A Rosy Chocolate Cake

Rose cake

You can do many, many things when you have immediate access to hundreds of (free) roses: fill a tiny apartment with big arrangements; make bridesmaid bouquets; lay a flower at each place setting for dinner; decorate a cake without frosting tips.

Rose cake

As I mentioned in my first cake post, I’ve never actually learned to decorate a cake. While I may not know the difference between the frosting tips on the top shelf of my cabinet, I do know something about making things pretty.

My mother-in-law’s spring birthday fell during the first peak of rose blooms around here. For dessert, I made a chocolate and raspberry cake (four layers, thanks to the 2″ pans from my husband!), previously taste-tested and whole-heartedly approved. Last year, I scattered whole raspberries on top. This year, I went into the garden and cut two handfuls of light pink Fairy and Sexy Rexy roses.

Rose cakeCut cake

Decorate a cake with your own garden blooms:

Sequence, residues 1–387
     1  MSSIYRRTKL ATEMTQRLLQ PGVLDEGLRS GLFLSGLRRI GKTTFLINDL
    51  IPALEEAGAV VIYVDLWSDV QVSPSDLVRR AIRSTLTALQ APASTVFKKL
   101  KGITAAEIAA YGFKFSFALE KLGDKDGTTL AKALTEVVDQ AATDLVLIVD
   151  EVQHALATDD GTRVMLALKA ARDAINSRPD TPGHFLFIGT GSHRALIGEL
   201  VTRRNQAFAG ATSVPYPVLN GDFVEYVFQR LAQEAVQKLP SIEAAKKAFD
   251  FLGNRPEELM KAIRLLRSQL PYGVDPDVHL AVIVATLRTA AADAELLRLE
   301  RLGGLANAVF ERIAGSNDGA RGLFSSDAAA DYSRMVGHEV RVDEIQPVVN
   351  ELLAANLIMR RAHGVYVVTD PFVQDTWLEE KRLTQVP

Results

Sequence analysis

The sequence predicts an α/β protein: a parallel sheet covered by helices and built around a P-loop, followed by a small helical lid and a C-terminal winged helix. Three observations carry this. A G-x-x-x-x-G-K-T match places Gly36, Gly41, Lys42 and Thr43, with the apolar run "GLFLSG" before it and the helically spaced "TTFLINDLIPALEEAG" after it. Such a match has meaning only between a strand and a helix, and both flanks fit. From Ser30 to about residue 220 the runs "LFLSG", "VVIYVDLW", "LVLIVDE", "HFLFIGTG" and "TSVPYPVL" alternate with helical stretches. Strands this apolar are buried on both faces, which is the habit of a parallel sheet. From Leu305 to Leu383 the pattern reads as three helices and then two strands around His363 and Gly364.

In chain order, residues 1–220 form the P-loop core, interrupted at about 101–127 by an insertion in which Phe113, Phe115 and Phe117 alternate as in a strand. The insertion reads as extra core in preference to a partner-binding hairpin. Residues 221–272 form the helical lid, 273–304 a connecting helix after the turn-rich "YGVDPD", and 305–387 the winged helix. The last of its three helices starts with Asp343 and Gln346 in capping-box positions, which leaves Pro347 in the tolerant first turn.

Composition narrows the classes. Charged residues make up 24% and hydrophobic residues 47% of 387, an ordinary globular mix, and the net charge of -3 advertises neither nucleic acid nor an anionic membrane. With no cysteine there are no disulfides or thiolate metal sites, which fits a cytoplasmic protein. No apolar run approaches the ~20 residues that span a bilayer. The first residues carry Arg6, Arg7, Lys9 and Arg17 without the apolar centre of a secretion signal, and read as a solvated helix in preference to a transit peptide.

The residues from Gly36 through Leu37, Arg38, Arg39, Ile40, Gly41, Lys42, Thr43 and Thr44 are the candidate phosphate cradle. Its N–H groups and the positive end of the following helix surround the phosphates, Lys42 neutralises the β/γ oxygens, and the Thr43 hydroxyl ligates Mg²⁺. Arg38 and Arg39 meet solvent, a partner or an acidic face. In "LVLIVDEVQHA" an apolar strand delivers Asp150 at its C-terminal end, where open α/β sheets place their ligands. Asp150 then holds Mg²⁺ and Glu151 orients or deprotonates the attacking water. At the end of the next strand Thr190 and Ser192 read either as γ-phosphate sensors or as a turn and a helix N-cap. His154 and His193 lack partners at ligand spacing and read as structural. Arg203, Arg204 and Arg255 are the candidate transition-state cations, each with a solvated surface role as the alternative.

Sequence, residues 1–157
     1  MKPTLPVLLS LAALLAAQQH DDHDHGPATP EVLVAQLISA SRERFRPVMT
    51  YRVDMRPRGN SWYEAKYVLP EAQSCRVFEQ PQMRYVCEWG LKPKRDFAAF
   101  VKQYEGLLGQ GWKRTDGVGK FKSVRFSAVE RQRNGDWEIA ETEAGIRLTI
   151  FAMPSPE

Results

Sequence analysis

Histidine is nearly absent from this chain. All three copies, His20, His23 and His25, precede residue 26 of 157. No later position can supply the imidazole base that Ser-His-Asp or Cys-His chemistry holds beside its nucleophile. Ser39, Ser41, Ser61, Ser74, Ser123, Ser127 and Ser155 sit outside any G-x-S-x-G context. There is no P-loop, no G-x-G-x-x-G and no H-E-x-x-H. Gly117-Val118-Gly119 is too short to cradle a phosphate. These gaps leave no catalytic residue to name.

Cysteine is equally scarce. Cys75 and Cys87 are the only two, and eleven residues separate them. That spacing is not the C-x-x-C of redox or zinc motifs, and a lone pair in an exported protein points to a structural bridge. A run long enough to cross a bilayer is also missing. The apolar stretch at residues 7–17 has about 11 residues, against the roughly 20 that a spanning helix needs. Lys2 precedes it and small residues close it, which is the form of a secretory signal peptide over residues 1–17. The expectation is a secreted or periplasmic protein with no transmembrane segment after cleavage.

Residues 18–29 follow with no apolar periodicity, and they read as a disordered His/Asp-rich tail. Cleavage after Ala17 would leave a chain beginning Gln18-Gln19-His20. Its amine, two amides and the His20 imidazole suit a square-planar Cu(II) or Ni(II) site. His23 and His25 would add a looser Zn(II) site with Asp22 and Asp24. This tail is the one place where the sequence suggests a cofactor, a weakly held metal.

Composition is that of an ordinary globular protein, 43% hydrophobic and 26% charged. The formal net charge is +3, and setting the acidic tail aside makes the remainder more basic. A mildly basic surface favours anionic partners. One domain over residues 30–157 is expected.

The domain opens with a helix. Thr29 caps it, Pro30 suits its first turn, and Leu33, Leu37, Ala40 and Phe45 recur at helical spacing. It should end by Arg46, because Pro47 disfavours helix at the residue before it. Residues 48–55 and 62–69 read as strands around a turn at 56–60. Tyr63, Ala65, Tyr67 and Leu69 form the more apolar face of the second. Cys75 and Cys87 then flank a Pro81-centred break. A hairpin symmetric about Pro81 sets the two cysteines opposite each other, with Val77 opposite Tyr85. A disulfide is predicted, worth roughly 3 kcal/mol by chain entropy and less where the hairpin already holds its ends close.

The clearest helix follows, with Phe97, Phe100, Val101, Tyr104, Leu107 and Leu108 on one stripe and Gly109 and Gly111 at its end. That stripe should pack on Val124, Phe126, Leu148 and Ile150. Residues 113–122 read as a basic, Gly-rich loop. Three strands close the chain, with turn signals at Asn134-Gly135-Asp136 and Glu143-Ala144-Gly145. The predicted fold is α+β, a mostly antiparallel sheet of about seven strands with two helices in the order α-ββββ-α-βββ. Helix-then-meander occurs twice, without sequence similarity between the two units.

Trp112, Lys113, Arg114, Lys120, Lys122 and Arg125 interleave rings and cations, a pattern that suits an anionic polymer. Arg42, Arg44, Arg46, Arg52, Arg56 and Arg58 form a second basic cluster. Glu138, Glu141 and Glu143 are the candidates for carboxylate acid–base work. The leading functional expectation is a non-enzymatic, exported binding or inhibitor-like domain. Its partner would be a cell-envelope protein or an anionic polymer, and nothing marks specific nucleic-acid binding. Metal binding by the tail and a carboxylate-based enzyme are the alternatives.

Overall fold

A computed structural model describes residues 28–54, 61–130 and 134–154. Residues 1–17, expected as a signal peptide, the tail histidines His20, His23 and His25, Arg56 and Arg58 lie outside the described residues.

1. Bake, assemble and frost cake. Yum! Save a tiny bit of frosting.

2. Snip the flower stems super short. Use the bottom of a now-empty cake pan to model your arrangement (you don’t even have to wash it first!).

2. Once you’re happy with the design, transfer the roses one-by-one to the frosted cake. Because ganache frosting is a bit stiff, it has the added benefit of being somewhat smudge-resistant (at least when tiny, lightweight roses are dropped in the wrong spot).

3. To keep the flowers in place, heat a couple spoonfuls of leftover frosting for a few seconds and dab the gooey chocolate under each rose with a spoon. “Glue” them one at a time, so you don’t lose track of your arrangement.

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